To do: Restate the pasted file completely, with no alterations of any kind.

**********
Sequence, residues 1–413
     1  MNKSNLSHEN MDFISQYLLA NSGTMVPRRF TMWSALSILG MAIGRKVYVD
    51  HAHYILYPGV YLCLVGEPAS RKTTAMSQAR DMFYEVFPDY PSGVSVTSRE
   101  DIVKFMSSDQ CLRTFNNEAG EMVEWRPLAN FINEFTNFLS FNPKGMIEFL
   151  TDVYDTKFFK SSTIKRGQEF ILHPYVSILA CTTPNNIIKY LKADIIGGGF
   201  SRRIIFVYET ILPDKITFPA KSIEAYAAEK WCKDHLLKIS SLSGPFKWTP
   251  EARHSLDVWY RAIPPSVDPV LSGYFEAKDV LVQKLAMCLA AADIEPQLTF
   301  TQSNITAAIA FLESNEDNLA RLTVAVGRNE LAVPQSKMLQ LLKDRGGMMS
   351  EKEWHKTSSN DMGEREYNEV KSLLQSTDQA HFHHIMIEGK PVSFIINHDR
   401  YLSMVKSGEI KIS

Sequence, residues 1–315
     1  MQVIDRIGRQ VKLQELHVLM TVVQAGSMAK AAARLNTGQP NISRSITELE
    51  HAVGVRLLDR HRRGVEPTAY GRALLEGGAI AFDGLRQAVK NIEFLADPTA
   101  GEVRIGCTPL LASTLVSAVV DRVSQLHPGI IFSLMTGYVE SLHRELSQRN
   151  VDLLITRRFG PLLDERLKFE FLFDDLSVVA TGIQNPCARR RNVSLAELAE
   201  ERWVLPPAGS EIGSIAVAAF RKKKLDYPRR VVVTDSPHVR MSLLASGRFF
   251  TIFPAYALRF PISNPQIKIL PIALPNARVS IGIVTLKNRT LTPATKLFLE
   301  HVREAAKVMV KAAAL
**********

Sequence, residues 1–413
     1  MNKSNLSHEN MDFISQYLLA NSGTMVPRRF TMWSALSILG MAIGRKVYVD
    51  HAHYILYPGV YLCLVGEPAS RKTTAMSQAR DMFYEVFPDY PSGVSVTSRE
   101  DIVKFMSSDQ CLRTFNNEAG EMVEWRPLAN FINEFTNFLS FNPKGMIEFL
   151  TDVYDTKFFK SSTIKRGQEF ILHPYVSILA CTTPNNIIKY LKADIIGGGF
   201  SRRIIFVYET ILPDKITFPA KSIEAYAAEK WCKDHLLKIS SLSGPFKWTP
   251  EARHSLDVWY RAIPPSVDPV LSGYFEAKDV LVQKLAMCLA AADIEPQLTF
   301  TQSNITAAIA FLESNEDNLA RLTVAVGRNE LAVPQSKMLQ LLKDRGGMMS
   351  EKEWHKTSSN DMGEREYNEV KSLLQSTDQA HFHHIMIEGK PVSFIINHDR
   401  YLSMVKSGEI KIS

Sequence, residues 1–315
     1  MQVIDRIGRQ VKLQELHVLM TVVQAGSMAK AAARLNTGQP NISRSITELE
    51  HAVGVRLLDR HRRGVEPTAY GRALLEGGAI AFDGLRQAVK NIEFLADPTA
   101  GEVRIGCTPL LASTLVSAVV DRVSQLHPGI IFSLMTGYVE SLHRELSQRN
   151  VDLLITRRFG PLLDERLKFE FLFDDLSVVA TGIQNPCARR RNVSLAELAE
   201  ERWVLPPAGS EIGSIAVAAF RKKKLDYPRR VVVTDSPHVR MSLLASGRFF
   251  TIFPAYALRF PISNPQIKIL PIALPNARVS IGIVTLKNRT LTPATKLFLE
   301  HVREAAKVMV KAAAL